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The Portuguese Language
Portuguese language derives from Latin,
a language spoken by the inhabitants of the region around ancient Rome, known as
Latium. With the expansion of their territory, the Romans brought this language
to other regions, where, in conjunction with local factors, it evolved in
different ways and gave rise to the Romance
Over time, Classical Latin, which had already established itself as the language of the educated classes and literature, became far removed from its spoken expression. The latter incorporated various influences from the different territories of the Roman Empire, as well as socio-cultural varieties. All these together were referred to as Vulgar Latin, and this gave rise to the Romance languages and, in our particular case, Portuguese.
The Tree of Grammar in Grammatices Rudimenta (c. 1540) by João de Barros
communication began to alter gradually and, instead of people in fact speaking
in Latin, the changes in their mode of expression brought them the awareness
that they had in fact begun to speak in the “Romanic way” (i.e. they had
begun to speak Romanice or Romance
(a vulgar and mixed way of talking, also referred to here in Portugal as Romanço). For administrative and notarial written texts, a set of
formulas were introduced that were identified as Barbarous Latin. In the formation of the Portuguese language, the
Latin base also incorporated features of the Celtic, Greek and Hebrew languages,
to which Germanic and Arabic elements were later added.
We may consider three phases in the evolution of the Portuguese language: the proto-historic phase, until the thirteenth century (a phase when there were still very close connections in written terms with Barbarous Latin), the archaic phase, until the sixteenth century (a phase in which, in the fourteenth and fifteenth centuries, one of the most important developments was the Galician-Portuguese language, with Portuguese later acquiring its own autonomy in relation to Galician) and the modern phase, with the publication of the first grammar books, by Fernão de Oliveira, 1536, and João de Barros, 1540, and the proliferation of literary works that helped to establish its reputation, and amongst these was, of course, Camões’ epic poem Os Lusíadas (The Lusiads).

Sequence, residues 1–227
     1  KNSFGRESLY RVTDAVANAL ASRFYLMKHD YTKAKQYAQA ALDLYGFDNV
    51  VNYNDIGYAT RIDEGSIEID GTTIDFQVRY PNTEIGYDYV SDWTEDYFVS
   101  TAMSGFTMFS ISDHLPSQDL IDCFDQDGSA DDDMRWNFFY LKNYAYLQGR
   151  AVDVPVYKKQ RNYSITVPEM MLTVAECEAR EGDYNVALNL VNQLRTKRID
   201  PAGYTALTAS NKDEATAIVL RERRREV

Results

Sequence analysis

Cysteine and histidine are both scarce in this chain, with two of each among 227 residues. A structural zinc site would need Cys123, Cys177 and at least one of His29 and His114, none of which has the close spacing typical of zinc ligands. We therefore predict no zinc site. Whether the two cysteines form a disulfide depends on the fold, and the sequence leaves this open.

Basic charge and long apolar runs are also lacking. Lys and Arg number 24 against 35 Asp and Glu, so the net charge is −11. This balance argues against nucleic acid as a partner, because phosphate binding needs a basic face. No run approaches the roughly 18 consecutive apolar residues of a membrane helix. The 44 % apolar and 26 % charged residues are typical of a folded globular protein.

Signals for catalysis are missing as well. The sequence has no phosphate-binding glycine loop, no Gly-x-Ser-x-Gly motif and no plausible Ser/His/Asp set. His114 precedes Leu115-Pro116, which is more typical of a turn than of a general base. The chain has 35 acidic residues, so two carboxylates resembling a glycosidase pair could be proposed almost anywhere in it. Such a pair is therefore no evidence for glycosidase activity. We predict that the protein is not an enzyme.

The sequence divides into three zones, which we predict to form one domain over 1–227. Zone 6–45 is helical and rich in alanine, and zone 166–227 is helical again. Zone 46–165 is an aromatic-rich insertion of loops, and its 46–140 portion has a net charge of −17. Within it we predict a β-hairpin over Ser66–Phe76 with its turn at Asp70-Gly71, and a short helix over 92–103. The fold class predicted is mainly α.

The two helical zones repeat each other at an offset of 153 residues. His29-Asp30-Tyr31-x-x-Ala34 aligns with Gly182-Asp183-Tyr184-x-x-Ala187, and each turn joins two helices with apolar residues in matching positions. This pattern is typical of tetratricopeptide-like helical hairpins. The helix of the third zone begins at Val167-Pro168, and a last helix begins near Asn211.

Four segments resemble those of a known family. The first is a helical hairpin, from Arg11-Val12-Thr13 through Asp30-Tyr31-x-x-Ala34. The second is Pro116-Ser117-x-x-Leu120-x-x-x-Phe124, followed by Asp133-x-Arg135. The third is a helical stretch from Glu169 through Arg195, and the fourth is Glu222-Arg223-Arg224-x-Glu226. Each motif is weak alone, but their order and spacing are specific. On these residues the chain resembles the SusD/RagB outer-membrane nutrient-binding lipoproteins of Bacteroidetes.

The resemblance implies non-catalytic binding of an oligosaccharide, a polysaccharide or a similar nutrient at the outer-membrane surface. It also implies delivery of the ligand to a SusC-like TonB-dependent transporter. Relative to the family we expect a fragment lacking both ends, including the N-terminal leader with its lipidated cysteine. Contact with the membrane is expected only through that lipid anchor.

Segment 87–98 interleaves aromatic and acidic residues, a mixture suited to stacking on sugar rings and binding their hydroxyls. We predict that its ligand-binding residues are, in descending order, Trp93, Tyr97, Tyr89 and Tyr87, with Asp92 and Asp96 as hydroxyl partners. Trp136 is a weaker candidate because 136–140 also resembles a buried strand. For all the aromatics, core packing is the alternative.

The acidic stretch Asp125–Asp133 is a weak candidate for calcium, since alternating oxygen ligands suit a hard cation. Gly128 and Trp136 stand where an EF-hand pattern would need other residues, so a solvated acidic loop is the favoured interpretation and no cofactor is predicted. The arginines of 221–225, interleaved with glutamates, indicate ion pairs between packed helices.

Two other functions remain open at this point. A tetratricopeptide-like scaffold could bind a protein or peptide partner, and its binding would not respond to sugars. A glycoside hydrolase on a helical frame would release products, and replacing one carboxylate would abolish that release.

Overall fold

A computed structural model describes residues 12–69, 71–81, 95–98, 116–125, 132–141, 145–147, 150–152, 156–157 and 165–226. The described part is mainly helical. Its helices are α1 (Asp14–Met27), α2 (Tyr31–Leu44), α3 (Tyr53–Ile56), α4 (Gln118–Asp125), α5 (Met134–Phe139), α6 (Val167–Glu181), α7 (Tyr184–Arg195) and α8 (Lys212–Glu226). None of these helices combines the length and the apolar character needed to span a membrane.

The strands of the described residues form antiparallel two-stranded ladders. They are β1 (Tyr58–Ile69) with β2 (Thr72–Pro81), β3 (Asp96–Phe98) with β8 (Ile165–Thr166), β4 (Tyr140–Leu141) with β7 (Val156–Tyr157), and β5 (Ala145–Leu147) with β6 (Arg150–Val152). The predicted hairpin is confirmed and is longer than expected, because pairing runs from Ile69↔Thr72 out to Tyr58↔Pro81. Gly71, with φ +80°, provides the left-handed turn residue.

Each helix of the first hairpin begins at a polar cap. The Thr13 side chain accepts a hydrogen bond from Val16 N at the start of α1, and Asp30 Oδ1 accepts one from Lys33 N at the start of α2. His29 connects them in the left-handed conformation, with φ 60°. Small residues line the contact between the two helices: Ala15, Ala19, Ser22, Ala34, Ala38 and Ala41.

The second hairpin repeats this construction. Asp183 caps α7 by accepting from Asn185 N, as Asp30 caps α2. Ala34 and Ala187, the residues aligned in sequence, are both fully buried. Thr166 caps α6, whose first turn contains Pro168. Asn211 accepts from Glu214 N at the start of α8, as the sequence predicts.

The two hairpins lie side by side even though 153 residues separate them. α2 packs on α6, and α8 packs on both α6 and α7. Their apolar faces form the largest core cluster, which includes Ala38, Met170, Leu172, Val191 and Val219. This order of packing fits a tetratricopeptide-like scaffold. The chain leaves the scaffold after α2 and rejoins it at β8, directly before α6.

terms of the phonation of the Portuguese language, its formal characteristics
are considered to consist of the phenomena of nasalisation (the dropping of
Latin consonants and their replacement by nasal diphthongs, e.g. the -ão
and -ãe sounds, and vowels with the same tonal quality, e.g. panes
> pães), vocalisation (the dropping of Latin consonants and their
replacement by vowels, e.g. regnu >
reino) and palatalisation (groups of Latin consonants resulting in the ch- and lh- groups, e.g. pluvia
In 1945, in his book Estilística da Língua Portuguesa, Rodrigues Lapa studied some of the expressive potentialities of the Portuguese language in both communication and literature.
© Instituto Camões, 2001